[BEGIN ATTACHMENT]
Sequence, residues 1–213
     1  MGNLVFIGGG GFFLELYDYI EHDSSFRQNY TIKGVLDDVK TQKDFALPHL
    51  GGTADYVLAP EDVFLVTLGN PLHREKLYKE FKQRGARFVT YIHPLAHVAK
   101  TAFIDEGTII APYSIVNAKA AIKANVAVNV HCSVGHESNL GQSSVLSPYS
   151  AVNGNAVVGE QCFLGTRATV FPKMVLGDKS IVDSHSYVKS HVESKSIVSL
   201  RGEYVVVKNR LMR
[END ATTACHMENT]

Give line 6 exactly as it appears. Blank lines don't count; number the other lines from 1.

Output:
   201  RGEYVVVKNR LMR